SSDRC authored by Tim Moore
Social Security Disability and SSI Questions and Answers
What is the Application Process for Social Security Disability and SSI?
How do you Win Benefits under Social Security Disability or SSI?
If I am determined disabled, how far back will Social Security pay benefits?
How do you prove your disability case if you have a mental condition?
What Can I Do to Improve My Chances of Winning Disability Benefits
Common Mistakes after Receiving a Denial of Social Security Disability or SSI Benefits
How to File for Disability - Tips for Filing
If You Get Approved For SSDI Will You Also Get Medicare?
How much does a Social Security disability attorney get paid?
Social Security Disability SSI Criteria and the Evaluation Process
How long does it take to be approved for SSI or Social Security disability?
What do you Need to Prove to Qualify for Disability Benefits?
Social Security Disability SSI and Fibromyalgia
Social Security Disability SSI and Degenerative Disc Disease
Can I Qualify For Disability and Receive Benefits based on Depression?
More questions about SSD and SSI
What Disabilities Qualify for SSI and Social Security Disability Benefits?
Social Security Disability Status
Social Security Disability Tips — how a claim gets worked on
Social Security Disability, SSI Disability - Terms, Definitions, Concepts
Disability Approval Chances at the Social Security Reconsideration and Hearing Levels
How to prove you are disabled
and win disability benefits
In the federal disability system, administered by the social security administration, the first level of disability appeal is called a request for reconsideration. This appeal is sent to the same state disability determination services agency (DDS) that denied the claimant’s first application, so it is not surprising that statistics show most people are not awarded benefits as a result of filing a reconsideration appeal.
Also, because reconsideration appeals are decided based on the exact same guidelines used to deny the initial disability application, it is unlikely that a claimant will get a different result unless he or she has new, persuasive medical information to add to the record. And generally this does not occur because the time distance between a decision on a disability application and a disability reconsideration tends to be fairly short (sometimes just a few weeks, and usually, at most, a handful of months).
Even though reconsideration appeals are decided by a different disability examiner than the one that reviewed the application, unless there is some significant medical evidence that documents a change or worsening in the claimant’s medical condition, or gross error on the part of the first disability examiner, the chance of winning a reconsideration disability appeal is pretty slim. Currently about 85% of all reconsideration appeals are denied.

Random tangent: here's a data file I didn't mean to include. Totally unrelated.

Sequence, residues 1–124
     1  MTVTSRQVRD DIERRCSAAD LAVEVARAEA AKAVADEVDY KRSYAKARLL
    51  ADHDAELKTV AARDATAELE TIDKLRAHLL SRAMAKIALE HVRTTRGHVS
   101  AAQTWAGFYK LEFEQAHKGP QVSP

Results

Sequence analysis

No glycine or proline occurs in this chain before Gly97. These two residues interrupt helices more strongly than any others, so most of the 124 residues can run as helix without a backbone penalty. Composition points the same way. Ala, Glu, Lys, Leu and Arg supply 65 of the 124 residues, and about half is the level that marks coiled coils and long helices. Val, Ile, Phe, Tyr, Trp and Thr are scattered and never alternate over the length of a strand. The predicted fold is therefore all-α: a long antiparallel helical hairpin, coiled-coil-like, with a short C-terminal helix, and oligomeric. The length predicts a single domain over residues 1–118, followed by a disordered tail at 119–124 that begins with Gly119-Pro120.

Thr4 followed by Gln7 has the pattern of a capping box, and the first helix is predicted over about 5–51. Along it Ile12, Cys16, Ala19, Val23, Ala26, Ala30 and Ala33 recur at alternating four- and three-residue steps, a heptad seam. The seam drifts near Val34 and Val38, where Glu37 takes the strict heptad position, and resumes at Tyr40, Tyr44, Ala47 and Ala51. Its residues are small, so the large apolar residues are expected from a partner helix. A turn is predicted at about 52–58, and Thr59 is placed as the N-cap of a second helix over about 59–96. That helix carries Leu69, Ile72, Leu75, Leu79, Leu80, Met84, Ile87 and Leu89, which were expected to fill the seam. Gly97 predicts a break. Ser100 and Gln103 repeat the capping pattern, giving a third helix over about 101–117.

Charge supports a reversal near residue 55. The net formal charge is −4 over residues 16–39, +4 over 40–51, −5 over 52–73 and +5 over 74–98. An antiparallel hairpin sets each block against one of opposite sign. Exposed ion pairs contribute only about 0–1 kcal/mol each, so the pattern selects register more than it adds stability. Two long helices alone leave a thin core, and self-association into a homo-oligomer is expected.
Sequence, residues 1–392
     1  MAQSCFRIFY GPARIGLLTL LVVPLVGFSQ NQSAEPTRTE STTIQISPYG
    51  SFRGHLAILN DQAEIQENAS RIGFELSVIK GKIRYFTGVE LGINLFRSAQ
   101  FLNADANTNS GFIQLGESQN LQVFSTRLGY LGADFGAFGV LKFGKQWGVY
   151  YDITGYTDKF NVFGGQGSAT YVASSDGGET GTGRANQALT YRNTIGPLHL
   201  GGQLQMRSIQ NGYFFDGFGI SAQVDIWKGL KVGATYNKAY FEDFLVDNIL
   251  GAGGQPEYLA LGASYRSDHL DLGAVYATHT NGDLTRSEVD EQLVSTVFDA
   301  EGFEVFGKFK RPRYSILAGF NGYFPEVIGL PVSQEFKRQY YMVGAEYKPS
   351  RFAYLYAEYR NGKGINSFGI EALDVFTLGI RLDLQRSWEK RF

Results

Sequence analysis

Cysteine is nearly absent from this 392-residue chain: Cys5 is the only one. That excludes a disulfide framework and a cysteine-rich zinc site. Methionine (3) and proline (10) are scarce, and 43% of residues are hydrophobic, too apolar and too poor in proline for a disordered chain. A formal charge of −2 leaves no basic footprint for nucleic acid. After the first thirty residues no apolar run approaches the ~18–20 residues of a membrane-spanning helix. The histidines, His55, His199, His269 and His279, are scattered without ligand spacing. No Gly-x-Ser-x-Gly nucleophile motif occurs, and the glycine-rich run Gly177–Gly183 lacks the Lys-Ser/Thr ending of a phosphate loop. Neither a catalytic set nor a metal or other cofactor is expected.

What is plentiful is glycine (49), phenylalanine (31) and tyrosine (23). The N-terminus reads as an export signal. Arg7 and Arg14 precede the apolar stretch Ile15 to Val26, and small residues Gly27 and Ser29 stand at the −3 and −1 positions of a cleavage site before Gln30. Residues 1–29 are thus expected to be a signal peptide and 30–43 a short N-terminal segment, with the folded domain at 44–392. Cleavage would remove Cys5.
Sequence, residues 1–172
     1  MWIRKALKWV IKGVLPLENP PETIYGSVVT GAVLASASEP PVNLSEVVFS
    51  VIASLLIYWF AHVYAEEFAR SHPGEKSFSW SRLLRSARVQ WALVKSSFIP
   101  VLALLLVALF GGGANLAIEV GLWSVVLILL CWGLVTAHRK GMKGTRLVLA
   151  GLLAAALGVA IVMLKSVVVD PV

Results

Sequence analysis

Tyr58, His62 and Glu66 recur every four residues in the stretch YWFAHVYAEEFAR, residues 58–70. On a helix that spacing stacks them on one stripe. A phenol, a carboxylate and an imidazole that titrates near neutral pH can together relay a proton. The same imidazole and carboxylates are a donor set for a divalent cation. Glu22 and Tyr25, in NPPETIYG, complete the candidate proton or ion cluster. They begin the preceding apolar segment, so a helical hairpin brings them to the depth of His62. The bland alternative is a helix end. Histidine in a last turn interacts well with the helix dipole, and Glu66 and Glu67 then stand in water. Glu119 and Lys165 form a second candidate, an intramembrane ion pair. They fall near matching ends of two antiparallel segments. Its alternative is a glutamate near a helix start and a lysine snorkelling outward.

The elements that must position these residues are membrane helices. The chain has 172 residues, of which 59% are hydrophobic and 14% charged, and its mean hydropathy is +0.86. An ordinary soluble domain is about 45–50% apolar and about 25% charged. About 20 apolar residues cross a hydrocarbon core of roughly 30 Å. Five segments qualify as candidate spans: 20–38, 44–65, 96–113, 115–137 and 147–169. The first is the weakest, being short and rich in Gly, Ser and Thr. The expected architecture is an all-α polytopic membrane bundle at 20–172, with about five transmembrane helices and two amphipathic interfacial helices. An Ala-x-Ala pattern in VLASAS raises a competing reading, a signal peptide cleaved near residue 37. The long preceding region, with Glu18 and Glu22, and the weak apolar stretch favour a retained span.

However, at the second level of appeal, a disability hearing, claimants stand a better chance of approval. Over 65% of all people who file second appeals and who are represented are approved for disability benefits.
This indicates three things: 1) DDS denies a lot of claims that are actually valid; 2) federal Administrative Law Judges (ALJs) are more likely to approve disability applications than the disability examiners employed by DDS; 3) having someone research the background of the case, gather additional evidence, and present an argument for the approval of the claim can make a substantial difference in the outcome.
Typically, most people who file for Social Security Disability (SSD) or SSI must appeal not once, but twice before they are approved. Most claimants do not bother to see their claim through to the end, though. According to one estimate, of the 2 million plus people who apply for disability, only 500,000 actually go through with a hearing.
Why is the number of appeals so low? Well, many claimants are not aware that being denied Social Security once is not the final word on collecting benefits. They do not realize that about 70% of all applicants are initially denied, or that so many reconsideration appeals are denied as well. And many probably just get worn down by the whole process—it can take years to appear before an ALJ (administrative law judge) because there are so many cases clogging the disability system at every level.
On the bright side, those who file a reconsideration appeal, get denied on this appeal, and then go on to pursue a social security disability hearing have a very good chance of winning an SSA disability appeal. Statistically, the odds of approval are simply in favor of claimants who A) do not give up on their claims, and B) utilize the appeal system provided by socials security.
Return to: SSDRC, or the Social Security Disability Questions page